Ryanair”s strategic advantage comes from its know-how to position itself as no-frills and suitable low cost airline. Since the company appeared in the industry, maintained the vision of cheap but reliable service. Ryanair’s success has reached the point where its airplanes, work force and financial assets contribute to its unquestionable strengths. The Environmental change place many problems to the resistance of the airline market, where in many occasions Ryanair has no control. However Ryanair shows tendency for nimble change and have adapted, risk management practices on to external forces, which determines flexibility and ease of finding temporary advantages.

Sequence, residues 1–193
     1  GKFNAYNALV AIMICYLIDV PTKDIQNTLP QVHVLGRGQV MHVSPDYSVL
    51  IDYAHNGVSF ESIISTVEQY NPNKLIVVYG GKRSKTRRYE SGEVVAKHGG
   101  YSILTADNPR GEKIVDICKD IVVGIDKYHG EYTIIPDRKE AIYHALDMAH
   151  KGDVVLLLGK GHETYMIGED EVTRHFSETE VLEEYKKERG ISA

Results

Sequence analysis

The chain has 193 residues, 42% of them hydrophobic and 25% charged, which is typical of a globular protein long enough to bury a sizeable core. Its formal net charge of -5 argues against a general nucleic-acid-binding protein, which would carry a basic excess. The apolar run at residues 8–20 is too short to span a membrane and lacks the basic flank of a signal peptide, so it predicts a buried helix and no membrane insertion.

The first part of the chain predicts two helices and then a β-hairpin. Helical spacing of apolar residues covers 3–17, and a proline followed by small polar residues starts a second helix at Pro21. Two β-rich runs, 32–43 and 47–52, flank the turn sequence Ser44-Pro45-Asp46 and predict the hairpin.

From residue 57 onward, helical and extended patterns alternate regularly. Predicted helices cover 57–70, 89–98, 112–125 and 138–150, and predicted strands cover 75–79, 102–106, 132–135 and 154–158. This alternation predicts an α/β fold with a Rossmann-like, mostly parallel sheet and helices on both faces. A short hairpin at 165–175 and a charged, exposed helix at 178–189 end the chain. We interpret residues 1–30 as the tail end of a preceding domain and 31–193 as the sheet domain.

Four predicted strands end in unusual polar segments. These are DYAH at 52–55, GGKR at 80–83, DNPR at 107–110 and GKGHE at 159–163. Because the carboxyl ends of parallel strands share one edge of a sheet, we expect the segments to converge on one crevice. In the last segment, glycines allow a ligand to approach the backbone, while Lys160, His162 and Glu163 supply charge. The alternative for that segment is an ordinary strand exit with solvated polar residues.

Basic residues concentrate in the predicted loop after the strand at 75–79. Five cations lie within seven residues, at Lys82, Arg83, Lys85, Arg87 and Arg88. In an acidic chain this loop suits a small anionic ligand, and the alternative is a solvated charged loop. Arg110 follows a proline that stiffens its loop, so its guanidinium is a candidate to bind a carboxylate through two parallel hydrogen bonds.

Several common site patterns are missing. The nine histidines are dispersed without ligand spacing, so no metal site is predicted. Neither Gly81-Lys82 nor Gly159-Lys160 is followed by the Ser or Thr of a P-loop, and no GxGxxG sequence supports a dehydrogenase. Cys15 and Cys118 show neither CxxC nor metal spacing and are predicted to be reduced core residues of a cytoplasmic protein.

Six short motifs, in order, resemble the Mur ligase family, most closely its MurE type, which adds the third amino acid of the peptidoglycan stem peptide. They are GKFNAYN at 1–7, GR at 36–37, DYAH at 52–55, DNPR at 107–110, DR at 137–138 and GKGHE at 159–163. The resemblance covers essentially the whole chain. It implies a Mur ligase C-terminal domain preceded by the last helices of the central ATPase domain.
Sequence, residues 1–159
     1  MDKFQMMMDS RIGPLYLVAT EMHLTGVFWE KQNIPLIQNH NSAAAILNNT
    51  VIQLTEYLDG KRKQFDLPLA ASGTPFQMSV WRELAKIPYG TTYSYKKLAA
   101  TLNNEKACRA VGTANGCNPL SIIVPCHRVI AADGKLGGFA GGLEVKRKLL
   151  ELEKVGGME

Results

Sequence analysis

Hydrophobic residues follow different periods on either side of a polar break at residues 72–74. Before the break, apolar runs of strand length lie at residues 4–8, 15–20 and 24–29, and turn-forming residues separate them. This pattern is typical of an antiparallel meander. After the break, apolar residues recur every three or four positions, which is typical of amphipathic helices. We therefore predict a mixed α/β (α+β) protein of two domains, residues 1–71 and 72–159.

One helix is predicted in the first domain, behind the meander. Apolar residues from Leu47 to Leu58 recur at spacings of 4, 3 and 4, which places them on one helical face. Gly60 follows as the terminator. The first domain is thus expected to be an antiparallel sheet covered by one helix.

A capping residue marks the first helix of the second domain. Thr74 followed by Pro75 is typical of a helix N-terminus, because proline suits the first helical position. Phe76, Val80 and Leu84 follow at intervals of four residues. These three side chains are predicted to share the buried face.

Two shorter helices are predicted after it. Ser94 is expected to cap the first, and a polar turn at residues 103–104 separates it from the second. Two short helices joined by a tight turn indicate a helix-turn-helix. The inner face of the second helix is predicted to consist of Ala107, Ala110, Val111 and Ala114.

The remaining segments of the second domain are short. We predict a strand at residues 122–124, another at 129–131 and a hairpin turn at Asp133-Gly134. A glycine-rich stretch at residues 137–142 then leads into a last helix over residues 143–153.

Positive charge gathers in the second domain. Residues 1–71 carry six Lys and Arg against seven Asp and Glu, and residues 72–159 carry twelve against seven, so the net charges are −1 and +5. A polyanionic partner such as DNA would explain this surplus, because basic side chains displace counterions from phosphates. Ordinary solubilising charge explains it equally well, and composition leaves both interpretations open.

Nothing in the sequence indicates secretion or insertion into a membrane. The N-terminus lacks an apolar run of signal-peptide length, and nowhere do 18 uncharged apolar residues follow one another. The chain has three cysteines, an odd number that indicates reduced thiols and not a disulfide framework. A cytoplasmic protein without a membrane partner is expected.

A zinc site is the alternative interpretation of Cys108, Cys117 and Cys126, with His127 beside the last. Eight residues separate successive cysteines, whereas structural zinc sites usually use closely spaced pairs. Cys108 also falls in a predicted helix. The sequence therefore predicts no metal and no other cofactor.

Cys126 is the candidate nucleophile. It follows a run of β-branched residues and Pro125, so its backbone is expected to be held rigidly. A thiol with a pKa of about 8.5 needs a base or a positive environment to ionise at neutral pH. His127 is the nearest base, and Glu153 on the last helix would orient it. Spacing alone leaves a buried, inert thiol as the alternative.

Ryanair’s fleet is among the youngest with goal to become one of the largest in the world, providing consumers with the best technology at convenient cost. The increasing movement of labour force and political deregulations facilitate Ryanair’s expansion plans. In today’s uncertain climate of increasing terrorism threats and economic crises, the aviation industry faces difficult times. Ryanair’s unbeaten cost reduction strategy and heavy commitment to its customers has managed to place the company where it is today. A key challenge for Ryanair in the next few years would be not only to keep winning the low cost segment but to expand in new non- European markets. – 16 – 8. Bibliography 1. Clark, Pilita. Lunch withe the FT: Michael O’ Leary. Document] s. l. : Financial Times Limited 2010, 2009. 2. http://www. ryanair. com/en/about. http://www. ryanair. com. [Online] Ryanair, 2011. [Cited: November 26, 2011. ] 3. Creation and preemption for competitive advantage. Ma, Hao. 3, Smithfield, Rhode Island, USA : MCB University Press, (1999), Vol. Vol. 37 . 0025-1747. 4. B, Hooley G. Piercy N. F. & Nicoulaud. Marketing Strategy and Competitive Positioning, 4th Edition. London : Prentice Hall Europe, (2008). 5. K, Luthans F. & Davis. Strategic Management. USA : Published McGraw-Hill inc, (1993). 6. Porter, M. E. “Creating advantage”, Executive Excellence. (1999). pp. 13- 14. 7. Stewart, T. A.